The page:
• Review: Killzone HD


    Single Issue V (Written by Gen. Chris)



    Killzone (2004/2012)

    Killzone HD Many generations ago, Earth began colonizing the stars. Two factions of humans colonized different systems; one founded the colony of Vekta, while the other founded Helghan after being expelled from Vekta due to their policies and beliefs. The people of Helghan, stranded on the desolate world, were forced to adapt to the harsh conditions of the planet, eventually evolving and becoming a new species called the Helghast. Bitter and warlike, the Helghast believe that they have been wronged in the past, and seek to bring war and destruction to Vekta. As the Helghast invade the planet and shock the forces of Vekta (the ISA), it is up to Captain Jan Templar and three companions to defeat the Helghast and stop the costly invasion.



    Killzone is a science fiction FPS taking place in the distant reaches of space. Having never played the franchise, I have acquired the first three games through the Trilogy pack, and am therefore playing the HD remaster of the very first game. There are several positives of the game. For one, the setting of the game is fairly interesting, as it involves two different factions of human colonists, though the Helghast are almost inhuman at this point. The war brings you to many locations on the planet Vektra, from shipyards to cities to even a swamp. Every location is unique, and every location presents its own challenges. The world certainly looks better than it does on PS2, however there are some issues regarding the graphics that will be addressed shortly. Another key aspect of the game is the fact that as the game progresses the player unlocks three new characters that can be played throughout the rest of the levels after their introduction. Each as their own distinctive personalities, each has their own weaknesses and strengths. One, for example, is the female assassin Lugar, who can sneak around, use different approaches, and is overall good for taking out enemies quietly. However, she is not great in open combat. Another interesting character is Hakha, a half-human half Helghast who chooses to fight alongside your squad rather the Helghast. Each character also has their own weapons as well as the ability to use Helghast weapons that can be picked up throughout the game. However, more likely than not I found Templar to be the go-to character, as he is well balanced. The sound and sound quality is also fairly good, if a bit outdated, and the soundtrack itself is adequate. The campaign is also fairly long, and therefore well worth the money and time put into it.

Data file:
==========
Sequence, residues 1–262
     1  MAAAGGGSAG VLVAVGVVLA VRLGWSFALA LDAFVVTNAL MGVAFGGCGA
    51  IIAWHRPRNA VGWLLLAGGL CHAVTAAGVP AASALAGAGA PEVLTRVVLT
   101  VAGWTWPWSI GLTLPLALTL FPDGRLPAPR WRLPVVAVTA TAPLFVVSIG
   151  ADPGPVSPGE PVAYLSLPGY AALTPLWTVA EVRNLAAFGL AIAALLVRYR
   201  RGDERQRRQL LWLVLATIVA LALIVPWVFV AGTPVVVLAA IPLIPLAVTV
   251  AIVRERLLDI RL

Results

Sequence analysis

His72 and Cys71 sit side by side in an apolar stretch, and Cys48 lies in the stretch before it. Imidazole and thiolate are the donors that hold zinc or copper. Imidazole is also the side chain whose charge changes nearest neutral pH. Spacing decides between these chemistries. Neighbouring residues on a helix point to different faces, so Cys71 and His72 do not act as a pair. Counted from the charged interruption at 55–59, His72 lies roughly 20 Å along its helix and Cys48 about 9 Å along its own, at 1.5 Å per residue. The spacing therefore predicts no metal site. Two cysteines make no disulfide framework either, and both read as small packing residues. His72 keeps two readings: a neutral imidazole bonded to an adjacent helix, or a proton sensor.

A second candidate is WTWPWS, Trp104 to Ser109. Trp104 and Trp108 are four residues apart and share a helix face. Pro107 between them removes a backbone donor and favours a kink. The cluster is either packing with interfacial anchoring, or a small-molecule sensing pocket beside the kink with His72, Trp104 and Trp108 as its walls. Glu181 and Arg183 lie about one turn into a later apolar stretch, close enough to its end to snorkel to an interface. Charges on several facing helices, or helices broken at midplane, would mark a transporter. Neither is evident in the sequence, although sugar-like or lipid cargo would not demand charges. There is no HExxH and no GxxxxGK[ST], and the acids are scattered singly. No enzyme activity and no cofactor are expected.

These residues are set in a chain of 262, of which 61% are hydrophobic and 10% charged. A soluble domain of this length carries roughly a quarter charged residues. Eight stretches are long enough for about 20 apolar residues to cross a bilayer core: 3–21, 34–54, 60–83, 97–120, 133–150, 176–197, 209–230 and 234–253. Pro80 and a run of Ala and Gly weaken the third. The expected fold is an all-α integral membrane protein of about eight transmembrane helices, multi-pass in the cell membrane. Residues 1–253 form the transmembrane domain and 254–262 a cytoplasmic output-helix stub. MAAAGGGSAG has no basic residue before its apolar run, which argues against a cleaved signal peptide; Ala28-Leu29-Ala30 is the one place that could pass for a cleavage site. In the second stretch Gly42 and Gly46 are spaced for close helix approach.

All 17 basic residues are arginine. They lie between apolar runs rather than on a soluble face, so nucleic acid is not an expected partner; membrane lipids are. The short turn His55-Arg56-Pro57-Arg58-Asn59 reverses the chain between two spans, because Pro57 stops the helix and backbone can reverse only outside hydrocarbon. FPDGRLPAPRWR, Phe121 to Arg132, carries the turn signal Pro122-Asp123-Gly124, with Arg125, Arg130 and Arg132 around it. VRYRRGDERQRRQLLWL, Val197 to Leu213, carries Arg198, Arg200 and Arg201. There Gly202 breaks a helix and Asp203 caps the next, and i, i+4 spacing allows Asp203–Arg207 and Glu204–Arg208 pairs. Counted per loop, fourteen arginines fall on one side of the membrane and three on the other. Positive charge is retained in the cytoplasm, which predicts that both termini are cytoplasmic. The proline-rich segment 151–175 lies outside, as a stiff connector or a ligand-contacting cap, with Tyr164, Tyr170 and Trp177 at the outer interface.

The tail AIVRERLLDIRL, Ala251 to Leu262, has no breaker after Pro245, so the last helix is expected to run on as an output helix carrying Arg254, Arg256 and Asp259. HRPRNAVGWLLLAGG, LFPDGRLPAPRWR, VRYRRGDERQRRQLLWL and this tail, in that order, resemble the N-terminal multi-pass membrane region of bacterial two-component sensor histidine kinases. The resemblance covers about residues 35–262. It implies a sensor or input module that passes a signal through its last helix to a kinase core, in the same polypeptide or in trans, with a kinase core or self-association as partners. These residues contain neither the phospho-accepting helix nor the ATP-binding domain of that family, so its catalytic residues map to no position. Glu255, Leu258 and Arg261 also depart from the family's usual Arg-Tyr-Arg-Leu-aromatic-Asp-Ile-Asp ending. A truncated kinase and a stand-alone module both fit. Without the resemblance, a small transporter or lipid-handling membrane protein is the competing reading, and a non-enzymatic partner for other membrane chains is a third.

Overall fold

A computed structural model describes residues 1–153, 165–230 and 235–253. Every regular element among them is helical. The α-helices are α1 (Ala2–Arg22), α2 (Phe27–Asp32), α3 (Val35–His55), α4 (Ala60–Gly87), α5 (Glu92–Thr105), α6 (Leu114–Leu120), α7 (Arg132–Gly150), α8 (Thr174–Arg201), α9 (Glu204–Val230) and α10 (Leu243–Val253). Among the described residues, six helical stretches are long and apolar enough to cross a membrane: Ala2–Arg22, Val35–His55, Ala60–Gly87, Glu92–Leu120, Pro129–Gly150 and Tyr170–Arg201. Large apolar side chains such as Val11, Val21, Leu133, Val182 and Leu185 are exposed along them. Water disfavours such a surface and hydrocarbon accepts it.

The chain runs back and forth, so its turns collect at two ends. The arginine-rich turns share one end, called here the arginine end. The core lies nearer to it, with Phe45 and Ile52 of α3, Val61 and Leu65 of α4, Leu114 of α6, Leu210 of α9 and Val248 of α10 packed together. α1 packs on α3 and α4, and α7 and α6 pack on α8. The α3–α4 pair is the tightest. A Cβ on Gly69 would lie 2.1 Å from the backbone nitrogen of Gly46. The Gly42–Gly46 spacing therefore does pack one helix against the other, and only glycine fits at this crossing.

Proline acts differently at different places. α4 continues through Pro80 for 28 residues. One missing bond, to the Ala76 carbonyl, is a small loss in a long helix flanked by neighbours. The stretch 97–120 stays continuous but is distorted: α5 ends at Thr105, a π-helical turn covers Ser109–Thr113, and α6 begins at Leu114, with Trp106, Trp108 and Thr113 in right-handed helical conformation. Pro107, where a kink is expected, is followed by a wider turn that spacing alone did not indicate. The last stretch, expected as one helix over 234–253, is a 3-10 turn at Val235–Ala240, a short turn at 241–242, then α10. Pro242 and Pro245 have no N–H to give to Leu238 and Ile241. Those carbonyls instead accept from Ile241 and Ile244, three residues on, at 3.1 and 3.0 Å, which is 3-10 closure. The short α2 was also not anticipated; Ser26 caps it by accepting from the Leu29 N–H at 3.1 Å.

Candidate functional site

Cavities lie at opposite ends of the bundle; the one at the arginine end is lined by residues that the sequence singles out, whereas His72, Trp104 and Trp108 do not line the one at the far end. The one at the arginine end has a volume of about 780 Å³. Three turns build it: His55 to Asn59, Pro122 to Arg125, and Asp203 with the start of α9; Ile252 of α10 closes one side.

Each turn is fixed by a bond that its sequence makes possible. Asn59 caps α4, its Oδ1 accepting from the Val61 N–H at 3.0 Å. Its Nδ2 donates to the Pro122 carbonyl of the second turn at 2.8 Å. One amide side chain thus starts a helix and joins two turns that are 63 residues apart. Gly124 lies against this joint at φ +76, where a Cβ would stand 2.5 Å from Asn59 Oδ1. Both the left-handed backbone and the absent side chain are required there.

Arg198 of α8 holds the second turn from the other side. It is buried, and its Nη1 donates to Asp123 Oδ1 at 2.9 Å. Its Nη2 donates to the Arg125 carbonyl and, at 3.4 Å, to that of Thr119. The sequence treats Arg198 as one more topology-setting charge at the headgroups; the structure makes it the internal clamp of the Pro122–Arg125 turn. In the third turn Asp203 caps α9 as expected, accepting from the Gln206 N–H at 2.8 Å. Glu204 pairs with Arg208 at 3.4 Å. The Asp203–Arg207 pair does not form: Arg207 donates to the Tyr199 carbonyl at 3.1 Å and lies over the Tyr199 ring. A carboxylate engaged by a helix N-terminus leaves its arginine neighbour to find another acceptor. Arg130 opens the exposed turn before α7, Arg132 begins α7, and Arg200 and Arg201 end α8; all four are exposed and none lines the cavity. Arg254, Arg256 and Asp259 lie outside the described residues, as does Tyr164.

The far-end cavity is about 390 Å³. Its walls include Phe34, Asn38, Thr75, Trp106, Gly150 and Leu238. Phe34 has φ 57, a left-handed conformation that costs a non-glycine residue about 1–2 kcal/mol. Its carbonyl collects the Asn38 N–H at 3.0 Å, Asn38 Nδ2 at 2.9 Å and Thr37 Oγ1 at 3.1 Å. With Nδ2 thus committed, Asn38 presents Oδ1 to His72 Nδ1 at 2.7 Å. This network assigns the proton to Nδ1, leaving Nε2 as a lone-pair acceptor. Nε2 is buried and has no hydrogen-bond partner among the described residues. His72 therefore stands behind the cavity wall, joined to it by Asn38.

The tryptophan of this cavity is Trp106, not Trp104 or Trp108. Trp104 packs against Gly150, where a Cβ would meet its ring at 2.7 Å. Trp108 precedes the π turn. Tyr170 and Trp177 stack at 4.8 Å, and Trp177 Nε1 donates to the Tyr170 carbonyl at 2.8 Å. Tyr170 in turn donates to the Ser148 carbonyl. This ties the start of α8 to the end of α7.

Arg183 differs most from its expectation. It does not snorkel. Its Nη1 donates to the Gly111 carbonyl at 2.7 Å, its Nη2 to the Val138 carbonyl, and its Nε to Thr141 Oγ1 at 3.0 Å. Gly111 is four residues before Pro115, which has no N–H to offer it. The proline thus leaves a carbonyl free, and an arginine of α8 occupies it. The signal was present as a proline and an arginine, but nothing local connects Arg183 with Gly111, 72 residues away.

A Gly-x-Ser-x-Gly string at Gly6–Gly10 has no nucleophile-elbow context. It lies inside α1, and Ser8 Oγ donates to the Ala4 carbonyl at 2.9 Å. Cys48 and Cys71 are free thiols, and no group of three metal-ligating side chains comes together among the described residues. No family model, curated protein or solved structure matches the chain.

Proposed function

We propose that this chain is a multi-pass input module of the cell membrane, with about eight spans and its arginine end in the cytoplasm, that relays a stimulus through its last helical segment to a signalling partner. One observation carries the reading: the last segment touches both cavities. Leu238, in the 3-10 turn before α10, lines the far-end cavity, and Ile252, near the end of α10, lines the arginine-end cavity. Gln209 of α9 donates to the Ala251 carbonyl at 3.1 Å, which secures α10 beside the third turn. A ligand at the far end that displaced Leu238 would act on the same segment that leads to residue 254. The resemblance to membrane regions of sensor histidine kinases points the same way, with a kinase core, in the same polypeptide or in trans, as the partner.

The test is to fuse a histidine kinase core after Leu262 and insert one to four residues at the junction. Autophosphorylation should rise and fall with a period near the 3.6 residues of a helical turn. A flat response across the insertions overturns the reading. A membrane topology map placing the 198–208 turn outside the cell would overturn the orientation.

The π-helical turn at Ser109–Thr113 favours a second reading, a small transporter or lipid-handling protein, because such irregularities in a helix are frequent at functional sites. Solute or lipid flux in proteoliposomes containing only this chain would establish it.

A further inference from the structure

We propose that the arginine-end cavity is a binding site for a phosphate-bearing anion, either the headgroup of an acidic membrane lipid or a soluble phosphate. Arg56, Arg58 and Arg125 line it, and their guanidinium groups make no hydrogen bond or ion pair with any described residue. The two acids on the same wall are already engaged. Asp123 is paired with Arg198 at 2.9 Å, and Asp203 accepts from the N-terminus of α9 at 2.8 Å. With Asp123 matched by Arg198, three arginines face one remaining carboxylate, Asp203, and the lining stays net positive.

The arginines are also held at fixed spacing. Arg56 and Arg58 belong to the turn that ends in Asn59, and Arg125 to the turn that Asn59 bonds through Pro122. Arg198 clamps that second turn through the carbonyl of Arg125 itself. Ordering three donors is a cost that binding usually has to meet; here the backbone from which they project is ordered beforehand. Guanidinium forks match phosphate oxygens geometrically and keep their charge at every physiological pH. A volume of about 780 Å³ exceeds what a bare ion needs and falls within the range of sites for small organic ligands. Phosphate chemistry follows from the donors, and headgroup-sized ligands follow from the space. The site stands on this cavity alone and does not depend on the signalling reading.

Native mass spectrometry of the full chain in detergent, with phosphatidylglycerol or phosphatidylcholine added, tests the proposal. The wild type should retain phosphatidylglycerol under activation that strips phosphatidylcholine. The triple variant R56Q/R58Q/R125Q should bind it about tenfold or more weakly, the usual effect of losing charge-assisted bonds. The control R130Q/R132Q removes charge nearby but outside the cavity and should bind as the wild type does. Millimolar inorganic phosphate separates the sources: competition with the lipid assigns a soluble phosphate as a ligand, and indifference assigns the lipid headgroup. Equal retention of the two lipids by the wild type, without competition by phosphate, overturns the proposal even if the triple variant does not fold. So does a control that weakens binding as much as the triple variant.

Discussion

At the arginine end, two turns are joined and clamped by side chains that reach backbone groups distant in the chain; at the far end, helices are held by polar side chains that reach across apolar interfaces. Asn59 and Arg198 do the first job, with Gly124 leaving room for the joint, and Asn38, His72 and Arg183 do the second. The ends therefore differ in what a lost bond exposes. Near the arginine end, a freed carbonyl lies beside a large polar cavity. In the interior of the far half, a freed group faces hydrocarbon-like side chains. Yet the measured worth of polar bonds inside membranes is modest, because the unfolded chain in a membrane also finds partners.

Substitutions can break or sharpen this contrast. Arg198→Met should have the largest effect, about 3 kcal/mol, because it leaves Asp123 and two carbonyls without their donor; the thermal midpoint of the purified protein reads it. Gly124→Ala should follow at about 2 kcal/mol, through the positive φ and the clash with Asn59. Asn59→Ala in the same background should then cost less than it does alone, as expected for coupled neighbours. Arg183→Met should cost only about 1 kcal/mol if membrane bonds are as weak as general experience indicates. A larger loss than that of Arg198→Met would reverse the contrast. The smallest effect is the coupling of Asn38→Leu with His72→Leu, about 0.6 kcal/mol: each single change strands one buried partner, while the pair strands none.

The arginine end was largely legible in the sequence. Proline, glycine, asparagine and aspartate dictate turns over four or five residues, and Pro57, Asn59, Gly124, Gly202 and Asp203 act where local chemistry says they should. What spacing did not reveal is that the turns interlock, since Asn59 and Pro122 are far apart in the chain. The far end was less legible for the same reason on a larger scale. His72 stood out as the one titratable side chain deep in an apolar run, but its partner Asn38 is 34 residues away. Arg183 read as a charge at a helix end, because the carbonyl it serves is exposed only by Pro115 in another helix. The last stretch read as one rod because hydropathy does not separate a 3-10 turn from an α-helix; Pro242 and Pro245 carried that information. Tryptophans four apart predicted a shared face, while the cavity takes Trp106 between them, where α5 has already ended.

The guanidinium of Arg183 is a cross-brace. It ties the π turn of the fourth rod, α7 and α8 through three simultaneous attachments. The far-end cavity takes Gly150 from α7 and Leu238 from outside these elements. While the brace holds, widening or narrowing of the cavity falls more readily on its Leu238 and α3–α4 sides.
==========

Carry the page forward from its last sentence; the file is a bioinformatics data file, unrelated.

However, there are many negatives that are a part of this game. For one, though the graphics have been upgraded and remastered, there are numerous things that were simply ignored. While the whole game has been upgraded to 720p, cutscenes still look PS2 quality, and there is a high degree of pop in on levels at a really short distance. Voice acting, while decent, often does not match well with the movement of the characters. This is not a huge deal, but it does contributed negatively to the look and feel of the game. The AI of the game is also pretty poor, as enemies will often ignore you, and that is not limited to enemies but also ally AI. One memorable instance involved one of my allies and an enemy soldier being within just a few feet of each other, in the open, and not noticing each other. These AI issues are frustrating, but are likely a byproduct of the simple fact that the game is from 2004, and AI was simply not astounding in most games. Animation and movement can also be frustratingly off, leading to complications while playing. Ammo is also frustratingly scarce at times, especially for the simple assault rifle, leaving the player to mostly have to rely on enemy weapons for most of the campaign. Controls are also problematic and sometimes janky, leading to difficulty in getting accurate shots. Luckily the button mapping can be configured, but it can still lead to frustrating situations. The odd exception to this is the light machine gun, which is abnormally accurate and ammo is easy to come by, meaning it is more than a little over powered. In short, combat, the focus of a FPS game, is simply not adequate, and can often be incredibly frustrating. The levels, while varied compared to each other, can often feel very repetitive within themselves, and can lead to boring playthroughs for those. And finally, the story is simply forgettable, as I know very little about the characters, the motivations of the villains, and there is simply not much of a story to be consumed. Itís disappointing, as a setting such as this should have a really interesting and compelling story, but it unfortunately falls flat in this regard.


    Overall, the game is alright, but it does have many flaws. In many ways it is a solid game, and would have been quite good if I had played it in 2004 when it was first released. However, it is clear that unlike many PS2 games, Killzone has simply not aged well. It is not necessarily the fault of the game nor its developer Guerrilla Games. Some games simply do not maintain their quality with time. And perhaps it is a bit unfair to judge this game based on its PS2 roots, as many of the faults certainly lie within those origins. But the lack of story and repetitive levels still make a poor impact on the game, and overall the quality just does not feel right for a Playstation exclusive, even an old one. It is a tad disappointing, but it does not really affect my outlook for the rest of the games in the franchise. If you are a fan of science fiction shooting games, you can certainly do worse than Killzone HD.

    7/10